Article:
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Title: Paleovirology and the evolution of virus-host gene exchange
Author: Aswad, Amr
ISNI:       0000 0004 6497 3979
Awarding Body: University of Oxford
Current Institution: University of Oxford
Date of Award: 2016
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Paleovirology is the study of viruses at large evolutionary timescales through the investigation of endogenous viral elements (EVEs) that are found in host genomes. EVEs are the result of a heritable, genomic integration of a viral genome in a host germline cell. The presence of retroviral sequences in animal genomes has been recognized since the 1970's, but discoveries made in the last five years have revealed that viruses of all genome types can endogenise. Moreover, although most EVEs are non-functional relics, there are a number of examples of functional EVEs that are co-opted to benefit the host. There remain some methodological challenges in the identification and analysis of EVEs, and we have yet to fully understand the evolutionary processes involved in the rare instances of co-option. In this thesis, I develop novel techniques to identify and characterize large herpesviruses, which lead to the discovery of the first endogenous herpesvirus in the genome of the Philippine tarsier. The same methods were redeployed to identify a new family of dsDNA virus in the genome data of their hosts. Among the 15 different new species of virus, at least four viruses in four different host fish exhibit characteristic features of EVEs such as non-sense mutations and the accumulation of transposable elements. Moreover, more than half of the predicted genes in a full-length salmon virus have no detectable similarity to known genes. The second investigative theme of this thesis explored the idea that EVEs can sometimes be the result of adaptive gene transfer, and that this is the conceptual equivalent of viral genes that are host-derived. Considering a subset of rare, functional EVEs that act as antiviral genes, I developed an evolutionary framework to understand such gene transfers as a biological strategy within the evolutionary arms race between viruses and hosts. In viruses, I conducted a systematic genome-wide evolutionary analysis of host-derived genes, which revealed a consistent shift towards higher purifying selection when switching from host to virus genome. Finally, this thesis also considered the evolution of gene transfer between viruses, by investigating the intriguing history of a retroviral superantigen gene with similarity to genes in unrelated herpesviruses. Through the evolutionary reconstruction of a large group of mammalian EVEs, I was able to prove the independent horizontal gene transfer of superantigens from retroviruses to herpesviruses from two different donor lineages. This shows that viral gene capture can occur in an evolutionary manner, and demonstrates the utility of paleovirological methods in understanding the evolution of pathogenicity. Altogether, this thesis highlights the results of synthesizing methods from paleovirology with metagenomic techniques, demonstrating that genomic databases are themselves rich with novel viral biodiversity that hold key insights for virology, genomics and evolution.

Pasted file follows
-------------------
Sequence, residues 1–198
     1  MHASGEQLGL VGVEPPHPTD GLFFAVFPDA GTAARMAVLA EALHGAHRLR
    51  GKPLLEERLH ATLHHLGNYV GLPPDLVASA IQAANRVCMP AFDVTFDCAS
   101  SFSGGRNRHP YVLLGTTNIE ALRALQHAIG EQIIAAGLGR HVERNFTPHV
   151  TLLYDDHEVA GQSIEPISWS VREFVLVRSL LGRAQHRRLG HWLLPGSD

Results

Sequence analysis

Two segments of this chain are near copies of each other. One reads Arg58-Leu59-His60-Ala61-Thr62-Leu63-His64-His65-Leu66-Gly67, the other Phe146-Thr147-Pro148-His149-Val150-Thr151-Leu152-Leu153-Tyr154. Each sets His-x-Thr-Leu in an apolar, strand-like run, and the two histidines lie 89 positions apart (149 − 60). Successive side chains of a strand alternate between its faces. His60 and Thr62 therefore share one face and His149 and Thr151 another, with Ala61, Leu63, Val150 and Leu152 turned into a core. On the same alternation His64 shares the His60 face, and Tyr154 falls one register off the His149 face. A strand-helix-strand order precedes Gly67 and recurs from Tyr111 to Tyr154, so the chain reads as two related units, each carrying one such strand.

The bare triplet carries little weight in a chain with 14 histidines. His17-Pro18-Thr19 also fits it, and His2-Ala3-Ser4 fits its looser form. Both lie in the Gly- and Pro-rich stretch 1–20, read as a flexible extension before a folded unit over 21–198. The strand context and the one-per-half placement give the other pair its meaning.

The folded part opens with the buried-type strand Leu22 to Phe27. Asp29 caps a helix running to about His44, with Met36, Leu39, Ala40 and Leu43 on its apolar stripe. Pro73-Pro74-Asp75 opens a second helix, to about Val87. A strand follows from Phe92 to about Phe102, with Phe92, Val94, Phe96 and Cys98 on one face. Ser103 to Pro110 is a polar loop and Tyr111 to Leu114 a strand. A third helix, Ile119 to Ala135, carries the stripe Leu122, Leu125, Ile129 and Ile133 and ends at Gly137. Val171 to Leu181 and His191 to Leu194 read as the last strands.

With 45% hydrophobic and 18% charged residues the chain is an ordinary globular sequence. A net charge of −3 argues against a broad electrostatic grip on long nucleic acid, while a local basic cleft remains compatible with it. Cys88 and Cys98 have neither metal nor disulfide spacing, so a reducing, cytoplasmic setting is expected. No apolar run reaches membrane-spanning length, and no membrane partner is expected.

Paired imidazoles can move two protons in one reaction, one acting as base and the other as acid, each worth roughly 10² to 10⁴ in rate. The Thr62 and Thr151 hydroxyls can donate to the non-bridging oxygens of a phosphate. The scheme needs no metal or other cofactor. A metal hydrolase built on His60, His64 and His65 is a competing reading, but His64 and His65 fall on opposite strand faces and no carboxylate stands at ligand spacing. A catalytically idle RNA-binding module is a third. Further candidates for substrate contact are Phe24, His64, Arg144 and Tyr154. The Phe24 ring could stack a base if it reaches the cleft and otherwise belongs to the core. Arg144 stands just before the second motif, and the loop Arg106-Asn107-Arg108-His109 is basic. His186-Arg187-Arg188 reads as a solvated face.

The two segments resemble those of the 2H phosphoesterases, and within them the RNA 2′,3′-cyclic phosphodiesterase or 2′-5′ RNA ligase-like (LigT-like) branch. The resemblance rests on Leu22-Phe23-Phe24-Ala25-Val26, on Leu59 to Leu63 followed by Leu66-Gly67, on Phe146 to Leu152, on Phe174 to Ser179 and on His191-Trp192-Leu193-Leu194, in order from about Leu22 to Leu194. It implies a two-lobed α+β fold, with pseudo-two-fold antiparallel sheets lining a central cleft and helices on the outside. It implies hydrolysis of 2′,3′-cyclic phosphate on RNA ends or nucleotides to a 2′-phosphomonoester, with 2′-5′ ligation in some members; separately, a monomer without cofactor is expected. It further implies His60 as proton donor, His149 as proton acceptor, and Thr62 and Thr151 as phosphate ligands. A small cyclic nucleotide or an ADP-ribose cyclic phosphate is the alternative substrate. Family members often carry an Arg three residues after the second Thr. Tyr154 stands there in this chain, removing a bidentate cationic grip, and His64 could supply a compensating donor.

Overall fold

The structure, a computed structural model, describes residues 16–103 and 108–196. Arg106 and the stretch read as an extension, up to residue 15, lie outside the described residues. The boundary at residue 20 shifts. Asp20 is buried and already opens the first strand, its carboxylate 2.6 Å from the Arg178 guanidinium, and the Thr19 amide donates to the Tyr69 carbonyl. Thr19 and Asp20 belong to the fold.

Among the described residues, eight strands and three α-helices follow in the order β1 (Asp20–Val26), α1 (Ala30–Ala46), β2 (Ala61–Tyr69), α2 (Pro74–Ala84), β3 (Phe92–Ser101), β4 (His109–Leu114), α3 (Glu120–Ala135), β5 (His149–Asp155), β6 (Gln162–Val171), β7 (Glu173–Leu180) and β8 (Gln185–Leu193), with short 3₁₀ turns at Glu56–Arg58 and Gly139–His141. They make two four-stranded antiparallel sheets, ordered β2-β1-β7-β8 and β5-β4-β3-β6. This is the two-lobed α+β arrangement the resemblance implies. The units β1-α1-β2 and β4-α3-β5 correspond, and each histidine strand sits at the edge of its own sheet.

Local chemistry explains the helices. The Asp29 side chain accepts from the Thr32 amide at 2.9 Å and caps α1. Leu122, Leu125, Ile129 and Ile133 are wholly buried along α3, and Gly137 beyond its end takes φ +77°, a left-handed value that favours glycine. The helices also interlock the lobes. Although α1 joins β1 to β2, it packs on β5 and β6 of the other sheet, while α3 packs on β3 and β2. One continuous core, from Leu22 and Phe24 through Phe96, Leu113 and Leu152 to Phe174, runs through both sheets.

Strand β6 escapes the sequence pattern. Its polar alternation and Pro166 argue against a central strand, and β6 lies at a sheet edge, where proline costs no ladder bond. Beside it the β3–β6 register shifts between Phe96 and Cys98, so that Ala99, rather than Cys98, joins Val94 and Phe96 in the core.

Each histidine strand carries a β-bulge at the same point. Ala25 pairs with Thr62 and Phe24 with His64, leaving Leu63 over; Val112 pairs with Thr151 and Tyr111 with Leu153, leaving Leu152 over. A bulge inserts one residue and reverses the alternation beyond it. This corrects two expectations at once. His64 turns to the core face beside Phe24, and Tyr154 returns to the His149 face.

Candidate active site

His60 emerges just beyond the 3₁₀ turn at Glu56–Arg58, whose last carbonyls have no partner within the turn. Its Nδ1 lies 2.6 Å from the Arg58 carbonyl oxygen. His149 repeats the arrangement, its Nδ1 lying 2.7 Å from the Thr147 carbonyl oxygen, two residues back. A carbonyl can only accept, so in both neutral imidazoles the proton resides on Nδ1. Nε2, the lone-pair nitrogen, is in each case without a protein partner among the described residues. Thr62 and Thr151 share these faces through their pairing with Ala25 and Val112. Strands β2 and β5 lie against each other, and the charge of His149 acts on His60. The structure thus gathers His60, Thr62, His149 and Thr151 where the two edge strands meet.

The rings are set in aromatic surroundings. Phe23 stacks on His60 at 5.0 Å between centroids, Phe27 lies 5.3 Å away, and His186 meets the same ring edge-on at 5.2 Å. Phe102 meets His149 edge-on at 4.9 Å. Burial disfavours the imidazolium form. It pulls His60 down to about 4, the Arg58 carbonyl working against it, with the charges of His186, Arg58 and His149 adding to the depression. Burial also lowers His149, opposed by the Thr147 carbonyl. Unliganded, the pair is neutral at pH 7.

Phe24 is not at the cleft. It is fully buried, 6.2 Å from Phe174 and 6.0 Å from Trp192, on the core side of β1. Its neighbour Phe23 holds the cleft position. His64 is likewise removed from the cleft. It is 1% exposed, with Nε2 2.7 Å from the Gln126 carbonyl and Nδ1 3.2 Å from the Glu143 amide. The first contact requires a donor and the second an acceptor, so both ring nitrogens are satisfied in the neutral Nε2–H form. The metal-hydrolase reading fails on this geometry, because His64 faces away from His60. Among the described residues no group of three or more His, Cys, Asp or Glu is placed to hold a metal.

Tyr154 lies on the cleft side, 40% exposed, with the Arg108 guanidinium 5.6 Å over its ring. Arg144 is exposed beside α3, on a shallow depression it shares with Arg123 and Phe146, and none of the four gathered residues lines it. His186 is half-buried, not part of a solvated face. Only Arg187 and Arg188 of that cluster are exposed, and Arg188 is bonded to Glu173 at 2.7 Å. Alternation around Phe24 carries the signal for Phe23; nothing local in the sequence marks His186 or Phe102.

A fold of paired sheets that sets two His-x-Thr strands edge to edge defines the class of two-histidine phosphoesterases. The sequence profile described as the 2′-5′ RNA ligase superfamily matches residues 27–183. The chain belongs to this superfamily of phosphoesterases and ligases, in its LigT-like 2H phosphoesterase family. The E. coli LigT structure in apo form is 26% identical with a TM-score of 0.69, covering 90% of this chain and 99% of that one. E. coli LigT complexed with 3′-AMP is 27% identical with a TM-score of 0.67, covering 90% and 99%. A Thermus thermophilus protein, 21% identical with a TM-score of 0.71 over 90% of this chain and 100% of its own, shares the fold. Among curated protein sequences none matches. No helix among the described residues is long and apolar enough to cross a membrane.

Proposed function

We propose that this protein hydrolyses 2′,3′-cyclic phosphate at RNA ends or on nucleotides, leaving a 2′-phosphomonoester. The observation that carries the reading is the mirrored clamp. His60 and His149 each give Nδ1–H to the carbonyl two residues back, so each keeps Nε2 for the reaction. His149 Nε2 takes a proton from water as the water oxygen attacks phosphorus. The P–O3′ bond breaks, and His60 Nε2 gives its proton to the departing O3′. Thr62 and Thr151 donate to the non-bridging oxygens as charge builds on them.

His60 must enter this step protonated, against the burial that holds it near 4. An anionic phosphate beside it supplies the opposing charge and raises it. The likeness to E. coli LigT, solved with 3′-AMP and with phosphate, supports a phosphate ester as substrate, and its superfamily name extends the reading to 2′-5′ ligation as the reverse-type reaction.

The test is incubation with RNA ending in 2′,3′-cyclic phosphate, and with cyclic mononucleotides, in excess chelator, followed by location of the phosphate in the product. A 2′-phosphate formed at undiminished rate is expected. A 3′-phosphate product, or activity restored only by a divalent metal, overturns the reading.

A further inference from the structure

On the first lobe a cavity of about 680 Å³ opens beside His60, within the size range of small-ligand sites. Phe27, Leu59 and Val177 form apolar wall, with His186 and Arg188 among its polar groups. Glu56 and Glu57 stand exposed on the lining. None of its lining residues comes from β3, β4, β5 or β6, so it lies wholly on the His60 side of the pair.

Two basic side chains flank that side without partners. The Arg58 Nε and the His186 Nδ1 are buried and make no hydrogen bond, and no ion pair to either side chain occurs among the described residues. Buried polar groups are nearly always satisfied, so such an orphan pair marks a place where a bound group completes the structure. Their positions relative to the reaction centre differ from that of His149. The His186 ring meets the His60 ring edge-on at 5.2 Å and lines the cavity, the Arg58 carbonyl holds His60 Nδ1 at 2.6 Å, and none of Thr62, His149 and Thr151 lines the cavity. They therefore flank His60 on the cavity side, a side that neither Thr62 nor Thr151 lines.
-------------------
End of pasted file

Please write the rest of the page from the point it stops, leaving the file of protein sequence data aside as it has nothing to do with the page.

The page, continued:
Supervisor: Katzourakis, Aris Sponsor: Poulton Scholarship ; Oxford University Zoology Department
Qualification Name: Thesis (Ph.D.) Qualification Level: Doctoral
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